‘Tis the season for bringing home fresh fruit and vegetables from local farmers’ markets or harvesting those from your own garden! And what flavor there is from these wonderful gems, not to mention the exceptional nutritional value… While canning and freezing during the harvest is dawn-to-dusk work until all is finished, the pay-off of fresh fruits and vegetables is well worth the labor! Grow your own or buy from your local farmers when you can! But, even those who have vegetable gardens occasionally need food items from the grocery.
But what about foods that are purchased at the grocery? Does food packaging tell the whole story? What is the actual nutritional value? What should be kept in mind about this as we shop for ourselves or guide our patients toward their own goal of improved nutrition and healthy eating?
Food Selection and Health Behavior
A change in behavior during routine shopping trips can impact the health of our patients and practitioners by selecting the right foods.
Food labeling is generally regulated by the United States Department of Agriculture (USDA) and the United States Food and Drug Administration (FDA)(1).
Basics of FDA Food Labeling Requirements
- · Common name of the food (Principal Display Panel)
- · Net quantity of contents (PDP)
- · Ingredient list (PDP or information panel)
- · Name & location of the manufacturer, packer, or distributor (PDP or information panel)
- · Nutrition Information
While regulated food labels are helpful in many ways, the Center for Advanced Medicine(2) suggests that manufacturers do get creative when trying to:
- 1. sell as much as possible,
- 2. save on their processing and manufacturing costs, and
- 3. comply with US government’s food regulations.
While the US Food and Drug Administration and US Department of Agriculture regulates many terms and their definitions on food labels, many similar-sounding terms are not regulated. According to Consumer Reports (CR)(3), a study in the Journal of the Academy of Nutrition and Dietetics found that shoppers gravitate toward labels such as “low sodium”, “low fat” and “reduced sugar”, but foods and drinks with these claims weren’t significantly healthier than similar products without the claims, and in some cases were less healthy.
The example CR gives is a low-sodium soup may fall well within the FDA guidelines of 140 mg or less of sodium per serving but could still be high in calories, fat, or sugar. “Low-sodium” labeling in this case, while true and may catch the consumer’s eye, doesn’t tell the whole story unless the label is read. Additionally, buzzwords such as nonfat, low carb, no trans fat, low calorie, and no cholesterol can be promoted on packaging even though the serving size would have to be reduced unreasonably to make these claims(2).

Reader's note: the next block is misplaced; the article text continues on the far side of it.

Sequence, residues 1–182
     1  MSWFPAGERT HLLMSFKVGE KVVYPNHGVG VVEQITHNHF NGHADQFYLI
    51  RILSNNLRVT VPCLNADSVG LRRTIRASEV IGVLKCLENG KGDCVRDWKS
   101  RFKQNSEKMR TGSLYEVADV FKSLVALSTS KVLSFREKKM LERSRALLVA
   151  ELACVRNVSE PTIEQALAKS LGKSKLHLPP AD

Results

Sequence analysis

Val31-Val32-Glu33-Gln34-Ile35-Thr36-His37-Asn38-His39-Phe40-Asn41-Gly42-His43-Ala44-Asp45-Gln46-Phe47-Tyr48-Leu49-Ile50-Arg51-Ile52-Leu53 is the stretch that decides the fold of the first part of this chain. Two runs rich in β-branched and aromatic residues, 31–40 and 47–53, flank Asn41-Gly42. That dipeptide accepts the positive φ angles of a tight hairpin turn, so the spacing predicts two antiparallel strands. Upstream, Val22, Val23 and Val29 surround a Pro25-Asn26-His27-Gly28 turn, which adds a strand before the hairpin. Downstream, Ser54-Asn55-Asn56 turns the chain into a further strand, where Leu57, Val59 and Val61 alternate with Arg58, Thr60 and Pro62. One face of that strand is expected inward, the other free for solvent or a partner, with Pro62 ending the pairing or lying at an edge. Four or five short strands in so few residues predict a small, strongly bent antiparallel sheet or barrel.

While rushing through a grocery or quickly browsing your online grocery items, it’s easy to note only what is on the package front as opposed to being concerned about the food label on the back. Food marketing can create packaging with buzz words that one may think signify one thing when it actually indicates something else or in some cases, Nothing!
Can you distinguish between the US-regulated term and the creative imposter?
- 1. Organic versus Natural
- 2. Pasture-Raised versus Free Range
- 3. 100% Whole Grain versus Made with Whole Grains
- 4. Low-sodium versus Reduced Sodium
- 5. Sugar-Free versus Unsweetened
*CR provides a closer look at the terms below.
Organic versus Natural
To be considered “organic”, the food must have 95% organic ingredients and be grown without the use of synthetic fertilizers or GMOs, and contain no artificial preservatives, colors, or flavors. Consumers often mistake “natural” to mean something similar to organic, which it’s not. Natural has no legal meaning for
food quality. Natural sugar is sometimes used in reference to that which occurs in fruits “by nature”.
Pasture Raised versus Free Range
Pasture-raised and Free Range have no real significance for egg production unless you see a “Humane-certified” seal in addition on the carton, which means the hens have plenty of space to roam outdoors.
Cage-free generally indicates hens raised in closed barns and may have no time outdoors. If the egg carton has no description on it or says “caged”, this generally indicates hens are in “battery” cages, i.e., a small cage with several birds in the cage, very little total space and no time outside the cage.
100% Whole Grain versus Made with Whole Grains
Made with whole grains can signify only a small amount of whole grain used with other refined grains, while 100% whole grain contains whole grains exclusively or have whole-wheat flour as the first ingredient listed.
Low-Sodium versus Reduced Sodium
Low sodium must have no more than 140mg of sodium per serving, while reduced sodium must have at least 25% less sodium than the full-sodium version of the same product.
Sugar-Free versus Unsweetened
Sugar-free must contain less than 0.5 grams of sugar per serving. Many sugar-free items contain artificial sweeteners. Unsweetened products have no sugars or artificial sweeteners added, but may contain natural sugars.
In summary of food for health and behavior, we live in a “Grab ‘n Go” society. Reading food labels and being tuned in to marketing tactics on food packaging should not only be in the interest of our dietitians and nutritionists! We should be wise and take time to know what is in the foods we and our patients consume!
After all, we truly are what we eat!
Melinda Huffman, BSN, MSN,CCNS, CHC
The National Society of Health Coaches
*The NSHC has no financial alignment with Consumer Reports.